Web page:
NatureServe Explorer logo.An Online Encyclopedia of Life
Search
 
Ecological System Comprehensive Report: Record 1 of 1 selected. View Glossary
<< Previous | Next >>

Classification
Scientific Name: North Pacific Hardpan Vernal Pool
Unique Identifier: CES204.859
Classification Confidence: 1 - Strong
Image 22098
© Chris Chappell
Summary: This system includes shallow ephemeral waterbodies found in depressions (up to several hectares in size) among grasslands and open woodlands throughout intermountain valleys of California, Oregon and the Gulf and San Juan islands of Washington and British Columbia. Northern hardpan vernal pools include an indurated clay or cemented (Si or Fe) hardpan that retains water inputs throughout some portion of the spring, but typically the depression dries down entirely into early summer months. In the Sand Juan and Gulf islands, they are created in small depressions in bedrock. This system typically occurs with a hummocky micro-relief. They tend to be acidic wetlands with characteristic plant species including Downingia elegans, Isoetes orcuttii, Pilularia americana, Triteleia hyacinthina, Eleocharis spp., Eryngium petiolatum, Plagiobothrys figuratus, Plagiobothrys scouleri, Grindelia nana, Veronica peregrina, Deschampsia danthonioides, and Callitriche spp. Due to draw-down characteristics, vernal pools typically form concentric rings of similar vegetation. Given their relative isolation in upland-dominated landscapes, many endemic and Federally-listed plant species are common in California vernal pools.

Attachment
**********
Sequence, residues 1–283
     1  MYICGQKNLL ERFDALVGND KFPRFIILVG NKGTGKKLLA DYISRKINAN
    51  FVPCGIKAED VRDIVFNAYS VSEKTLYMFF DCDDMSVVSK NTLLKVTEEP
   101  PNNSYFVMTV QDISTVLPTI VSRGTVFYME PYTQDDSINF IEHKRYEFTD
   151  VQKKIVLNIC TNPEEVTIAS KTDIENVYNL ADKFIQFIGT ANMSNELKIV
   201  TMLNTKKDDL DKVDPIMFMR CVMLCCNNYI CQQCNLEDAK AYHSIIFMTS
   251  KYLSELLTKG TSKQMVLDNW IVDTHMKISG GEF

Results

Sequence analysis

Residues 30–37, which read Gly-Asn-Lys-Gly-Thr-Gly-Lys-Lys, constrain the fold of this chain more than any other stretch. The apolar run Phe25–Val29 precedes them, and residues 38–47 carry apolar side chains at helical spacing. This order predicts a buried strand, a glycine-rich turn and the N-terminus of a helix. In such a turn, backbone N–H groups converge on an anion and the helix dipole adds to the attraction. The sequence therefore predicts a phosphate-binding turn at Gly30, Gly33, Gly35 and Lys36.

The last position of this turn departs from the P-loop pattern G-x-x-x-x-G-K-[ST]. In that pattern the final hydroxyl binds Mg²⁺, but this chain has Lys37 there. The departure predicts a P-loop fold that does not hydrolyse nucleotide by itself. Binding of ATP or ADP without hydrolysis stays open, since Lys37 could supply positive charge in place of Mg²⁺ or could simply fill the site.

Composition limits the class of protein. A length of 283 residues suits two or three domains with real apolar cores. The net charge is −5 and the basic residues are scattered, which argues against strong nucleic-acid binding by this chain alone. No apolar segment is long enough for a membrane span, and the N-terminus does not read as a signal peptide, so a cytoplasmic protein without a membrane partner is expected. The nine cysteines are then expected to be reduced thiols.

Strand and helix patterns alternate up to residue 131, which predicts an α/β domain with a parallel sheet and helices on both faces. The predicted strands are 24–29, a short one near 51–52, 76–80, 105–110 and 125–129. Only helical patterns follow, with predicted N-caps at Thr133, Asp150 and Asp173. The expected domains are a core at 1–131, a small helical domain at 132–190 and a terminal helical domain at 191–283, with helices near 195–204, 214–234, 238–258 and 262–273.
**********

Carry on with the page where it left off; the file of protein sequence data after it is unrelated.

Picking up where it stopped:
Classification Approach: International Terrestrial Ecological Systems Classification (ITESC)

Classification Comments: This system includes both duripan/hardpan and bedrock types, which are segregated in the California systems. Decided to lump them for this system because both occur intermixed in the geographic area defined.

Component Associations
Association Unique ID Association Name
CEGL003345 Eryngium petiolatum - Grindelia nana Vernal Pool
CEGL003346 Plagiobothrys figuratus Vernal Pool
CEGL003458 Eryngium petiolatum - Lasthenia glaberrima Vernal Pool
CEGL003459 Plagiobothrys scouleri - Plantago bigelovii Vernal Pool



Classifiers

Land Cover Class: Herbaceous Wetland
Spatial Pattern: Small patch
Natural/Seminatural: No
Vegetated ( > 10% vascular cover):
Upland: No
Wetland: Yes
Isolated Wetland: Strictly Isolated

Diagnostic Classifiers
Primary Classifier Secondary Classifier
Herbaceous  
Depressional Vernal Pool

Non-diagnostic Classifiers
Primary Classifier Secondary Classifier
Lowland Lowland
Temperate Temperate Oceanic
Isolated Wetland Strictly Isolated

At-Risk Species Reported for this Ecological System
Scientific Name
  (Common Name)